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(Travel_With_Me/Shutterstock)

The Austin Convention Center is being prepared as a field hospital for up to 1,500 low-acuity coronavirus patients, local officials confirmed.


Sarah Eckhardt, special assistant to Travis County Judge Sam Biscoe, told the Austin American-Statesman that it will open on July 20, if needed, and is being paid for with local property tax dollars, a reimbursable expense under the CARES Act—the federal coronavirus relief package.

Austin-Travis County Interim Health Authority Dr. Mark Escott said on Wednesday that the convention center is intended to serve as a buffer in case hospitals reach capacity. But his goal is to avoid this outcome.

"We are desperately trying to avoid two things," he said. "Number one, the hospitals overcrowding and not being able to provide the world-class care they already do." Number two is a second economic shutdown, Dr. Escott.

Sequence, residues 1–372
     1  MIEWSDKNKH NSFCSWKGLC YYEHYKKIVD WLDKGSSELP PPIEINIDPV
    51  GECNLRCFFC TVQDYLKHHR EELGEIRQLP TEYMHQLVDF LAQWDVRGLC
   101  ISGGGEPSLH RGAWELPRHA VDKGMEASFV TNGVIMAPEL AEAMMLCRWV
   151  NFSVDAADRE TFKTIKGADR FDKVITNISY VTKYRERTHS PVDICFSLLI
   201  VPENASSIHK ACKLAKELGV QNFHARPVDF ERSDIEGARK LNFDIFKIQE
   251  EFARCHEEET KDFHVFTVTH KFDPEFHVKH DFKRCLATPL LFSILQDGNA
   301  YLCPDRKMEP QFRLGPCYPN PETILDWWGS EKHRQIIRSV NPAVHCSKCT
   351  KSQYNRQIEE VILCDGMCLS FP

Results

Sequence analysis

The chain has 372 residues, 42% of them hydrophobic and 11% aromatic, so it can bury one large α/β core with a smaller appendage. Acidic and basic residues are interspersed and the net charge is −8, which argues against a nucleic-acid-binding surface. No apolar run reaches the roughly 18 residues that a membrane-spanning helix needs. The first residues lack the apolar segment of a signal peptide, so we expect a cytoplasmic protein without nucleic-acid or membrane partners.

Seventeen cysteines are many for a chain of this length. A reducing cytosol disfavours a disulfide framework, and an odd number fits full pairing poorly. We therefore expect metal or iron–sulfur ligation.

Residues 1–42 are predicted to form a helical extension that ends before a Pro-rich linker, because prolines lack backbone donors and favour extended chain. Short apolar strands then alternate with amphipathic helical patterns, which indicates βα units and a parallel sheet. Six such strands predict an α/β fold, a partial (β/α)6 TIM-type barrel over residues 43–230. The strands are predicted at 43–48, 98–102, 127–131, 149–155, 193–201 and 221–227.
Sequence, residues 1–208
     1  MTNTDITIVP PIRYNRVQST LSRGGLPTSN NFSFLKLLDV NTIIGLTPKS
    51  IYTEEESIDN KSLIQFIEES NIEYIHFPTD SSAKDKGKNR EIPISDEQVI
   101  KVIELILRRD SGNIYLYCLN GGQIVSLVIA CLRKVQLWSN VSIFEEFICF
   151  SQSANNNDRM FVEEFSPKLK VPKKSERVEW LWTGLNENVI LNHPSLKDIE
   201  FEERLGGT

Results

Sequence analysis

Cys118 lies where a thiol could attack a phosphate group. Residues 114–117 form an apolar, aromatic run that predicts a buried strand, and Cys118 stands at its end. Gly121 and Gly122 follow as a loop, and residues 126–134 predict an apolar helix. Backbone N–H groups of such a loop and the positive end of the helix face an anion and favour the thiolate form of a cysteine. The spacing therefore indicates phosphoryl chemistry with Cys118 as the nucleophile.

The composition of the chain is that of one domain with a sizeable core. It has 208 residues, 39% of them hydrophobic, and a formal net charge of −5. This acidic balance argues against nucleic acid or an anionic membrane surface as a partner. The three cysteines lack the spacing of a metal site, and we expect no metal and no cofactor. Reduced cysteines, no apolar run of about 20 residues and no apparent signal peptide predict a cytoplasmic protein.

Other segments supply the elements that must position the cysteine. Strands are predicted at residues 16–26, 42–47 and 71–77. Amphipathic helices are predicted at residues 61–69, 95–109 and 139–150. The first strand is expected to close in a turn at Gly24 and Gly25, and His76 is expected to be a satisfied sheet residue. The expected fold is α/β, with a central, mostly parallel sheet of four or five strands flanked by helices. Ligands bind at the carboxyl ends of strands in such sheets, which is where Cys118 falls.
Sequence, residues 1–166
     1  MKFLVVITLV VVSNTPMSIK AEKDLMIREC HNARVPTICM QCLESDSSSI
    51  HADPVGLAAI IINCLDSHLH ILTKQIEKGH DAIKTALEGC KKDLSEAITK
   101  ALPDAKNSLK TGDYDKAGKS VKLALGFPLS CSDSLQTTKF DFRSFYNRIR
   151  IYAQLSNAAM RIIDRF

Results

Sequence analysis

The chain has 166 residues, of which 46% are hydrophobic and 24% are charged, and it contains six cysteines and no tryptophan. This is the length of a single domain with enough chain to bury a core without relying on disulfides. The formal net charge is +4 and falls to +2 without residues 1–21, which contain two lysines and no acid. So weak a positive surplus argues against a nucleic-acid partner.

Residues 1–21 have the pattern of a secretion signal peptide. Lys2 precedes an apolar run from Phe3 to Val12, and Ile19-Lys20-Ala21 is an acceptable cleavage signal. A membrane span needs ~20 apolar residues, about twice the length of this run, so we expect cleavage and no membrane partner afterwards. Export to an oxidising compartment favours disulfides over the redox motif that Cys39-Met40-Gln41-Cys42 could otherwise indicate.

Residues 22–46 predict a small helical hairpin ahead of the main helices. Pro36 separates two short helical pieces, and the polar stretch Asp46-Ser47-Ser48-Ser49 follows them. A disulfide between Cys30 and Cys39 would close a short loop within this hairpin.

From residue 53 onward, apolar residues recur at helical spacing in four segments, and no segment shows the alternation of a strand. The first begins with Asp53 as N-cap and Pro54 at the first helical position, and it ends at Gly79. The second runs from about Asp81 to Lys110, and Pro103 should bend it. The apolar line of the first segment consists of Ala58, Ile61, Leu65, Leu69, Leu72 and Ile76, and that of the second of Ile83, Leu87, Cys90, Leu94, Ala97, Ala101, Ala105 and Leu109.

Dr. Escott recommended the city begin preparing the convention center in late June, as COVID-19 cases and related hospitalizations skyrocketed.

The city's surge plan, released in early April, did not name the convention center as an alternate care site, but said such facilities would be similar to combat surgical hospitals or large wards and serve low-acuity patients, such as those who need IVs or supplemental oxygen.

Austin's three hospital systems—Ascension Seton, Baylor Scott & White Health and St. Davids HealthCare—are collectively at 76% hospital capacity and 85% ICU capacity, they reported Tuesday evening. About 30% of in-use ICU beds are occupied by COVID patients, Dr. Escott told Travis County Commissioners on Tuesday.

ICU capacity is a particular concern—Dr. Escott called it a "pinch point" on Wednesday—and said that hospitals may need to transition non-ICU beds to meet demand. This would limit the number of hospital beds available for less critical patients and could perhaps hasten the need for the convention center as an alternate care side.

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